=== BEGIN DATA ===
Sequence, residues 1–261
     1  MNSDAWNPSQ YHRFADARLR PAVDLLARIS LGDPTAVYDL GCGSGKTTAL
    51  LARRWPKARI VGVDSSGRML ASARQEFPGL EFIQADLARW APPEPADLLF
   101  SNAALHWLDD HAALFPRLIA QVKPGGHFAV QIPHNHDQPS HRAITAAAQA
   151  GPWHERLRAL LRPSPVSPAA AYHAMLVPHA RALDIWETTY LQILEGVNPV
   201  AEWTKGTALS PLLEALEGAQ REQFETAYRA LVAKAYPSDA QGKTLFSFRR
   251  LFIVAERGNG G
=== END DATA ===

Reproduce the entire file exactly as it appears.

Sequence, residues 1–261
     1  MNSDAWNPSQ YHRFADARLR PAVDLLARIS LGDPTAVYDL GCGSGKTTAL
    51  LARRWPKARI VGVDSSGRML ASARQEFPGL EFIQADLARW APPEPADLLF
   101  SNAALHWLDD HAALFPRLIA QVKPGGHFAV QIPHNHDQPS HRAITAAAQA
   151  GPWHERLRAL LRPSPVSPAA AYHAMLVPHA RALDIWETTY LQILEGVNPV
   201  AEWTKGTALS PLLEALEGAQ REQFETAYRA LVAKAYPSDA QGKTLFSFRR
   251  LFIVAERGNG G